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Health Benefits of Flaxseeds For Cooking and Health
Table of Contents
Chapter # 1: Intro
Chapter # 2: Nutritional Worth
Chapter # 3: Selection and Storage
Chapter # 4: Precautions
Big Fiber Load:
Flaxseed Oil, an alternative to Fish Oil?
Health Benefits of Flaxseeds
Chapter # 1: Introduction
Chapter # 2: The Uniqueness of the Nutrients
Chapter # 3: Cardiovascular Benefits
Chapter # 4: Cancer Prevention
Chapter # 5: Radio-protector
Chapter # 6: Reduction in hot flashes
Chapter # 1: Intro
In this day and age, if it was said that flaxseed is the most underrated, natural product in terms of nutrition; the statement wouldn’t be wrong. A very little percentage of people in the civilized world know about the existence of flaxseed, let alone about its wonders. And even those who can identify it call it by a different name, i.e. the ‘linseed’. Comprehensively speaking, flaxseeds are seeds acquired from the fruit of the flax plant. The seeds are of glossy brown appearance, although the color may vary according to the type and resemble the seeds of a watermelon in shape. The plant is one of the easiest cultivated crops and can be found in both tropical and subtropical environments.
There is no need to open encyclopedias to learn about the wonders of flax; its importance in our everyday life can be established simply by breaking down and studying its scientific name, Linum usitatissimum. The linum part of the name sounds much like the fabric linen and it is by no coincidence that the fabric is a product of the flax plant. The second part of the word when translated from Latin means, “of greatest use”, and it is true that flax has fulfilled that promise by not only supplying people with a sustainable food source but also by products that can be used to manufacture goods ranging from sails, bow strings and even body armor.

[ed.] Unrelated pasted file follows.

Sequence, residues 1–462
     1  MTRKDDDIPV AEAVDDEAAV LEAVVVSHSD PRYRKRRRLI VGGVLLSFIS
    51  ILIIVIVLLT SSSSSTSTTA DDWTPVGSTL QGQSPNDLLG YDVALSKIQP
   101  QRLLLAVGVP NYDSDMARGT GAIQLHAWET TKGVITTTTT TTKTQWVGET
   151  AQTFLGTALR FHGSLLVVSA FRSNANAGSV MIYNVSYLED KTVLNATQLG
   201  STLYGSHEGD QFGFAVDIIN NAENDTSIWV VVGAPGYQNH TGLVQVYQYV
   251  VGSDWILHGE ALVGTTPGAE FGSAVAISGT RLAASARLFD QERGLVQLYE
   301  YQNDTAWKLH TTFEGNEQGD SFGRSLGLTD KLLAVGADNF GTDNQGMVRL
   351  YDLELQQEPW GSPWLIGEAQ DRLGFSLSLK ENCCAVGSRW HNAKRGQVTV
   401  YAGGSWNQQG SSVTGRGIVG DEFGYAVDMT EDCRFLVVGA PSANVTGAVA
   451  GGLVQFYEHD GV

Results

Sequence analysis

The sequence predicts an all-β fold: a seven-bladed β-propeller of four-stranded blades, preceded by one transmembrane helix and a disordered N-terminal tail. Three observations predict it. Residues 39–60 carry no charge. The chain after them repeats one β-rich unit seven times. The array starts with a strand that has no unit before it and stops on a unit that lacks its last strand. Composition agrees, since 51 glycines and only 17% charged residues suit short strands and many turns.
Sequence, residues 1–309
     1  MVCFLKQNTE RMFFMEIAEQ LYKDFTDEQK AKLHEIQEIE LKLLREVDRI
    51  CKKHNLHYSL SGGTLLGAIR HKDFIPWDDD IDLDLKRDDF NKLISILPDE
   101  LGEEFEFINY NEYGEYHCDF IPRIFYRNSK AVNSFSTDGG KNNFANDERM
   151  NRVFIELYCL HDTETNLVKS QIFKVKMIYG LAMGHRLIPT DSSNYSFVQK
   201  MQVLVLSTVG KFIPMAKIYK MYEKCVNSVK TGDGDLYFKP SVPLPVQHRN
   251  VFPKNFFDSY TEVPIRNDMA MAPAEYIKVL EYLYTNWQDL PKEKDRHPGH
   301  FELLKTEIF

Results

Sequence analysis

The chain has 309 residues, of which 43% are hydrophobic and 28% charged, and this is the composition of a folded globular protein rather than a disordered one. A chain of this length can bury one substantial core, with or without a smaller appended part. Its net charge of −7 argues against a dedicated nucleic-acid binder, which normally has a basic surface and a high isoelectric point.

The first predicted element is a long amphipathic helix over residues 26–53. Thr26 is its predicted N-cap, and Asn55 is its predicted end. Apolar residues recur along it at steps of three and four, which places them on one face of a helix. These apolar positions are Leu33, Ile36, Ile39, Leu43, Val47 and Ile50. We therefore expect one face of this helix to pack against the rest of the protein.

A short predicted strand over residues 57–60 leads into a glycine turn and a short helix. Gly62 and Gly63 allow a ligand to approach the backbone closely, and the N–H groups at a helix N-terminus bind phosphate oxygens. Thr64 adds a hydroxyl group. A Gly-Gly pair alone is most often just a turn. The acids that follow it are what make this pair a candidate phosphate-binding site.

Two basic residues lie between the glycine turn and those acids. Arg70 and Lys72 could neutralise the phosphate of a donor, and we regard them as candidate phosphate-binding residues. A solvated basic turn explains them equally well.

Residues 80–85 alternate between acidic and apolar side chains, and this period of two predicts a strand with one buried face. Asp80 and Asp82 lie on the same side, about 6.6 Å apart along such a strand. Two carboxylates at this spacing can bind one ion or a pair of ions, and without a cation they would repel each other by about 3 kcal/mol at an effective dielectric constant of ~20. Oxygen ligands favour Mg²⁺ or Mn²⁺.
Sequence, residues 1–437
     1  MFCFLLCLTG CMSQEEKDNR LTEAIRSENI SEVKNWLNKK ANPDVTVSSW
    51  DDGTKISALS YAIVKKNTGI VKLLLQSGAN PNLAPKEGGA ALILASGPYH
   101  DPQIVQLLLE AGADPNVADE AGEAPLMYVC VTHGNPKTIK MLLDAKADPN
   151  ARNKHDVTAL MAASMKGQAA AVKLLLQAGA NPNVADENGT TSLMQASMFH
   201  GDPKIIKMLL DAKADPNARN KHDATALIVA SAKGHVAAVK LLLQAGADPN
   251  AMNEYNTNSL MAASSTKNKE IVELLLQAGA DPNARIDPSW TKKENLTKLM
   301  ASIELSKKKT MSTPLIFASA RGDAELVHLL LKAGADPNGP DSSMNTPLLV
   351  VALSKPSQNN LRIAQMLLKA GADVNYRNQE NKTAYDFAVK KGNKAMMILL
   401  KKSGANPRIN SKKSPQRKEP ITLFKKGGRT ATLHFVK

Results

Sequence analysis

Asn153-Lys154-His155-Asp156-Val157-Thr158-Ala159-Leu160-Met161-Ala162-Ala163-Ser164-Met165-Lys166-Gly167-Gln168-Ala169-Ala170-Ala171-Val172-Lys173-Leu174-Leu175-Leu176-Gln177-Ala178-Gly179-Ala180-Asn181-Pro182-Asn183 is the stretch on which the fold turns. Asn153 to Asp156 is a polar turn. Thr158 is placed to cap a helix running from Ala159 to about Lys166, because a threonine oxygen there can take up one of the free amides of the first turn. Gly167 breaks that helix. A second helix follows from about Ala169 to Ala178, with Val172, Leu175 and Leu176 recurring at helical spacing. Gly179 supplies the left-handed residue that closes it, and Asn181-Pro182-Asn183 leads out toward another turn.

The history of flaxseeds began somewhere between 4000BC and 2000BC when the cultivation of flax became a common practice in and around the Middle East& Mediterranean. Since its very inception, the culinary and domestic worth of flaxseeds have run in parallel with each other. Nowadays, flaxseeds are divided according to their quality with the highest one being used for cooking purposes and medium/low quality flaxseeds being processed and then being used in wood finishes, coatings, paints and industrial chemicals.
The two most basic varieties of flaxseeds include brown flaxseeds and yellow/golden flaxseeds, both being identical in terms of health benefits with only one exception separating them. Scientists have discovered that a component of the yellow flaxseeds called, ‘solin’ has made the yellow flaxseeds more appropriate for the production of culinary products such as oils. And although brown flaxseeds are also used for the production of cooking oils, most of them find their way in cattle feed, fiber and chemical factories.